Director: Nicolae Constantin Tanase
Both brutal and authentic in its portrayal of youth, The World is Mine is a coming of age drama that allows us to reflect on our own high school years and, arguably, empathise with 16-year old Larisa and her experiences as she makes one mistake after the other. Actress Ana Maria Guran is mesmerizing in her bold depiction of a damaged and rebellious teen. The same goes for her co-stars Ana Vătămanu and Oana Rusu who play her loyal best friends Olimpia and Aurora, respectively. To a certain degree, they reveal today’s millennials in a completely different light. With her soft features, girly poses, and, at times, a tad too much make-up, it is hard to believe that this sweet sixteen-year-old is a big mouth and troublemaker at heart. She is not afraid to speak her mind and can get into fits of rage when annoyed.
While some might find the film lacking in originality and with an impression of déjà-vu, its best quality rests in its main character and the sense of curiosity she awakens in us as we follow her around the city of Constanta in Romania, where she lives with her submissive mother, disabled grand-mother, and abusive step-father. The choice to present Romanian men as aggressive individuals who treat their women with little to no respect might seem to be a cliché, but in parallel—and as discussed—the film offers a head-strong and ambitious heroine who is willing to fight back with a kick and a punch in order to protect her hopes and dreams. At first, she lets herself be bullied physically by the school’s princess Ana, who is played by actress Iulia Ciochina, but soon retaliates at the sound of laughing peers.
It is also interesting to recall her voice-over at the beginning and at the end of the film when she mentions she has bad dreams of choking on her own teeth and blood, which alludes to her violent nature and temperament, and that she is not someone to be toyed with, or fooled for that matter. Yet she is completely disillusioned when it comes to love, or rather her idea of love and sexual pleasure. But her words also stress upon the fact that in the end, no matter how much she might be in pain or scared, she will be alright. And this is an important statement to make because it somewhat reveals that she is developing a certain degree of emotional maturity, which is not easy to gain during adolescent years.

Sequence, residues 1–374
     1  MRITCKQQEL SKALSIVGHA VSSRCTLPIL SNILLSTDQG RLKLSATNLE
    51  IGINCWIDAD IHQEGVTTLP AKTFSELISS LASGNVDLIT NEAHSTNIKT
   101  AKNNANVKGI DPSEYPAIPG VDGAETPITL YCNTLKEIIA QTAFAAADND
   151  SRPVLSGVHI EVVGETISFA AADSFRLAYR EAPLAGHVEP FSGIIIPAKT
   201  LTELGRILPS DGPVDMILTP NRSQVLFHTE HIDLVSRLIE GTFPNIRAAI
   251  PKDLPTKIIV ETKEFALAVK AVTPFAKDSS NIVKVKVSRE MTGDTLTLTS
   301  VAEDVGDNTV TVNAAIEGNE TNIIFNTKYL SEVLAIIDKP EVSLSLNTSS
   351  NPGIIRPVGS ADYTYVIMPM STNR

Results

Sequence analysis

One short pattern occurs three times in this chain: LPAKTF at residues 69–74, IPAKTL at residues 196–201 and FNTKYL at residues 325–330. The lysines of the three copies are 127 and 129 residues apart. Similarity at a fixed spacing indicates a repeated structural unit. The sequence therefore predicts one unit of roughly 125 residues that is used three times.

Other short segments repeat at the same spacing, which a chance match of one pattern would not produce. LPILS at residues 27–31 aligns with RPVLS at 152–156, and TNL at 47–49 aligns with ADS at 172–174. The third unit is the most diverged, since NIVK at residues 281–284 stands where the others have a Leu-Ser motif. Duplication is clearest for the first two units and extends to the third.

It is no secret that a teenager’s main concern is the image he or she reflects to others, which in turn has been enhanced by social media in today’s modern society. Thus, how teenagers are perceived by their peers and friends is essential and this film proves just that. It explores these issues truthfully and as a trickle-down effect by looking at how one situation influences another. Here, the need and desire to be labelled as a cool kid reaches alarming proportions. To make her teenage wishes come true, Larisa is willing to get hurt and to lie along the way even at the risk of losing her friends. It is almost as though she cannot help herself and is compelled to lie, even to those closest to her.
One memorable scene that particularly stands out and beautifully represents teenage distress and anxiety on screen is during the party in which the protagonist, her friends, and love interest are all at the same night club. After a heavy dose of alcohol in her system, the film cuts back and forth to a drunken Larisa who is unable to hold on her own two feet to a drowning Larisa who tries unsuccessfully to swim up to gasp for some air. At some point her friend Dani—played by actor Daniel Rădulescu—pulls her up to the surface, thus awakening her from this nightmare where she can finally catch her breathe again, but only ends up turning to drugs when riding in the backseat of Dani’s car.
The whole premise of the story seems to be built on that duality of ups and down, highs and lows, restrictions and non-restrictions which in the end are what comprise a teenager’s life. There is no middle-ground. Larisa is ready to cling onto those little things that make her happy even if it is only for a moment, or rather shield herself from the danger of getting hurt. And this play with tension is what makes this debut feature worthwhile.
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